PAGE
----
The Road Ahead – March 2009

A Netpop Research study as reported in a Center for Media Research Brief concluded, “market trends and customer opinion are being shaped by end users more rapidly and with greater impact on business than ever before as an entirely new form of leisure develops around talking and sharing, providing opinions and perspectives… and suggests that websites need to connect directly with users or the users will create their own venues.” The study also found:

  • 105 million Americans contribute to social media
  • Social networking has grown 93% since 2006
  • 7 million Americans are “heavy” social media contributors (6+ activities) who connect with 248 people on a ‘one to many’ basis in a typical week
  • 54% of micro-bloggers post or “tweet” daily
  • 72% of micro-bloggers under age 18 post or “tweet” daily

Who are the people with the time to Twitter, tweet, peep, blog, mini-blog, Facebook, get LinkedIn and generally play the Internet like a piano? You may be one according to Steve Rubel, Sr. Vice President of Edelman Direct. As reported by Karl Greenberg in Marketing Daily, Rubel told an audience, “We are amazed at the number of people who view social media and traditional media as two different things. But 75% of newspaper sites now let people comment, and 100% have blogs. The elephants and zebras have mated, and it’s all one species.”

Who are the people with the time to Twitter, tweet, peep, blog, mini-blog, Facebook, get LinkedIn and generally play the Internet like a piano?

He went on to say: “As the economy tightens up, people are recognizing that reputation matters. We are seeing more workers flock to social media who say they have to be there to build their own brand as an insurance policy or escape clause. Corporations should figure out who those people are, and rather than fire them, give them a soapbox. People should figure out who, in their companies, could be personal brands. Give your ‘all stars’ independence–let them know what the ropes are.”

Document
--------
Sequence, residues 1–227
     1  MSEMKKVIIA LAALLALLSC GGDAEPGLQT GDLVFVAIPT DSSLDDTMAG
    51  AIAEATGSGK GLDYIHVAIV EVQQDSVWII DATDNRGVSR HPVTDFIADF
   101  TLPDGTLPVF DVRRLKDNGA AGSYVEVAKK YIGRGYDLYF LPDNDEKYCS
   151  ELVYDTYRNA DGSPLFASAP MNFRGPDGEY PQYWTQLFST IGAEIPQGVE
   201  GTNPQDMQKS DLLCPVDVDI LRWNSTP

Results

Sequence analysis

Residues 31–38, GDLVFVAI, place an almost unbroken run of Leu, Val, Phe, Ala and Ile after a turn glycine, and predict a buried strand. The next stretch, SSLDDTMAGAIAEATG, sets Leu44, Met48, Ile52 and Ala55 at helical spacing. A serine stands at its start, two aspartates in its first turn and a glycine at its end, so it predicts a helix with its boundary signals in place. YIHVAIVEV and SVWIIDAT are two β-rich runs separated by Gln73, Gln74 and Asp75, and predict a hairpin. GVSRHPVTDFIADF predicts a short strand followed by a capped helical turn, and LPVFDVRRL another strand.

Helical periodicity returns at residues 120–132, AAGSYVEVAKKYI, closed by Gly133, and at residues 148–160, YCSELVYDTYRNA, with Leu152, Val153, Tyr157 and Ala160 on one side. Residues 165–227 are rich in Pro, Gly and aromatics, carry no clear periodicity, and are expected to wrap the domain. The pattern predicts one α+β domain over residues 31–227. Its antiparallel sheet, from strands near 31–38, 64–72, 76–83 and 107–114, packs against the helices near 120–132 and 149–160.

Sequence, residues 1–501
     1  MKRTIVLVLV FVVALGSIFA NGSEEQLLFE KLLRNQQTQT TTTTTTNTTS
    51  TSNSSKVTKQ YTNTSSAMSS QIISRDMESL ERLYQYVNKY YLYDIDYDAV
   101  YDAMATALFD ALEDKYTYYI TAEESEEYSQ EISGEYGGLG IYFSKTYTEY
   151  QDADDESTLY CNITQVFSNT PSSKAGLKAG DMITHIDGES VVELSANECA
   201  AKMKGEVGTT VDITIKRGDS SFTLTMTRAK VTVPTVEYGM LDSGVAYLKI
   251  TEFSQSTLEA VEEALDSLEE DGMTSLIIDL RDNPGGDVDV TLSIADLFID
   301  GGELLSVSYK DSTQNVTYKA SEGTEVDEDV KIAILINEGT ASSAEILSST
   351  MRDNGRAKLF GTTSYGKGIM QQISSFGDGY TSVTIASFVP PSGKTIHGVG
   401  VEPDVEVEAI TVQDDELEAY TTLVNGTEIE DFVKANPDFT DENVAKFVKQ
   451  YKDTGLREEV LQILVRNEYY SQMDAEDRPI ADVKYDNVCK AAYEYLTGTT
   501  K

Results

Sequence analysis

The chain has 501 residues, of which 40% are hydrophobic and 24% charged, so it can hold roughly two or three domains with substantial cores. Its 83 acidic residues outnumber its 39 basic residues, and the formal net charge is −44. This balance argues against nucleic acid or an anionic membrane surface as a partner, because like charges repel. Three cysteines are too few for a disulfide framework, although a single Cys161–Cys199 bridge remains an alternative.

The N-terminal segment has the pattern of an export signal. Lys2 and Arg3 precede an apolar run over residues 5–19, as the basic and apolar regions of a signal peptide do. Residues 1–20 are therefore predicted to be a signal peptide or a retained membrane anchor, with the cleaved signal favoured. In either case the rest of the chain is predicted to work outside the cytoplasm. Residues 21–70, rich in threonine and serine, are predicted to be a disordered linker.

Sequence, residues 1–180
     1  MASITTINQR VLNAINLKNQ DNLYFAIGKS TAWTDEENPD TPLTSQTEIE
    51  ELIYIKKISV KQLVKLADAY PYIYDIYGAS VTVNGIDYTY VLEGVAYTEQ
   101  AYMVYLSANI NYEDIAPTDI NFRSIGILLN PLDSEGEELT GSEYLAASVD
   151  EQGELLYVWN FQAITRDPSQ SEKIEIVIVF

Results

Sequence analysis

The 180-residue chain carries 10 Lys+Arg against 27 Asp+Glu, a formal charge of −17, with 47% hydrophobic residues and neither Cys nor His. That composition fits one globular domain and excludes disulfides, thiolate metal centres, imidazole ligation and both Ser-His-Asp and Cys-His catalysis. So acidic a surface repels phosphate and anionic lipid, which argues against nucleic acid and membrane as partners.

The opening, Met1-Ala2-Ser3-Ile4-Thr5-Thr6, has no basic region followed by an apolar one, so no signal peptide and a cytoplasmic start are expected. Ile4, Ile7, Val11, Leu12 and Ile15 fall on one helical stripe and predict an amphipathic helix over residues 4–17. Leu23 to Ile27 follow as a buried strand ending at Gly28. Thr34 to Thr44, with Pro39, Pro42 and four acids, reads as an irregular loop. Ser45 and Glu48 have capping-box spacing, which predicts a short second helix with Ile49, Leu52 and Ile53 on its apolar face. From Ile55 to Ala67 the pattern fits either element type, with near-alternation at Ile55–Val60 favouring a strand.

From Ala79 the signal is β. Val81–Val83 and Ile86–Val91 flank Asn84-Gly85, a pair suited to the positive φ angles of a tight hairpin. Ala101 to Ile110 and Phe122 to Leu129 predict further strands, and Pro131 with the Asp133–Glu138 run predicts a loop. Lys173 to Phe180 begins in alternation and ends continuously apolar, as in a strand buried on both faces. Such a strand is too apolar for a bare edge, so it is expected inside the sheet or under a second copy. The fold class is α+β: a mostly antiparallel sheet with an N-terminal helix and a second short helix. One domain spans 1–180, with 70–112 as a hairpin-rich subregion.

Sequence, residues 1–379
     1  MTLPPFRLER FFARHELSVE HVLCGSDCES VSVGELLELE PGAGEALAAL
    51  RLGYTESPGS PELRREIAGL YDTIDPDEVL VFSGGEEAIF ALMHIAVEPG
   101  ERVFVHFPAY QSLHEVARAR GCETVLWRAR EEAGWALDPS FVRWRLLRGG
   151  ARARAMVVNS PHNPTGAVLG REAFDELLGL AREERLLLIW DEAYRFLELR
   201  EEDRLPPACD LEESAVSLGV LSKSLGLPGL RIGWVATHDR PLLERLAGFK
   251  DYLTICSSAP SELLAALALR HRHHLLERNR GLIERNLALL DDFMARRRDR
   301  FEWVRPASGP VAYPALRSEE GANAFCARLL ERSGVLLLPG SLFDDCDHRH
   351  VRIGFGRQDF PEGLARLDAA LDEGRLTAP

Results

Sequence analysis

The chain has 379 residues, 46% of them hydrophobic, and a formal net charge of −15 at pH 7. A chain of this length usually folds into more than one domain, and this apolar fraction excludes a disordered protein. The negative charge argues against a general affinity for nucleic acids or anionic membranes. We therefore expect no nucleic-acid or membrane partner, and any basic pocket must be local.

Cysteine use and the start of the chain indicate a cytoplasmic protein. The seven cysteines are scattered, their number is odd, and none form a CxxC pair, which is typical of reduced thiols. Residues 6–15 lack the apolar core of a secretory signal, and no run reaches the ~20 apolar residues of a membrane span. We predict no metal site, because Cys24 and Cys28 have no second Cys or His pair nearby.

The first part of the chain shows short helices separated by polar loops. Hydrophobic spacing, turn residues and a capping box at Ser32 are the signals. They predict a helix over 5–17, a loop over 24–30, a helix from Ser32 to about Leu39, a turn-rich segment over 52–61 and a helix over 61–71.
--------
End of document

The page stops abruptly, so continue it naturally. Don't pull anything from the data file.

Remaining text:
Max Kalehoff elaborates on that thought in an Online Spin column. He sees employee online celebrities building relationships and trusts with customers with the downside being, “A lack of personal optimization can be a serious disadvantage in a down economy. With unemployment rising, job seekers who are highly visible to employers have the upper hand. Those who are not discoverable don’t exist. No wonder LinkedIn is seeing record traffic and a surge in interpersonal recommendations.”

Kalehoff notes there are mature services and software to help businesses optimize but “scattered tools on the Web an individual can use to positively influence his or her personal search-engine reputation. Consider any number of free social-networking sites and publishing tools: LinkedIn and Twitter, as well as any of the blogging platforms like Blogger or WordPress. But these tools are not part of any cohesive or sanctioned optimization strategy. And, collectively, they all require significant personal investment to learn, activate and maintain.”

This Post Has One Comment

  1. Kalehoff said, “But these tools are not part of any cohesive or sanctioned optimization strategy. And, collectively, they all require significant personal investment to learn, activate and maintain.”

    I disagree. How can this be true if every social marketing webinar and seminar lately is about these very social networks? These sites may not specifically increase your search engine rank (cause most of the links placed are “no follow” links) but they can and do result in increased traffic. What’s really funny is that these presentations by experts, focused at car/auto marketers don’t mention the car-based social networks. Why not?

    Also, they’re not at all hard to learn! WordPress is not so different than MS Word if you stick to the basics.

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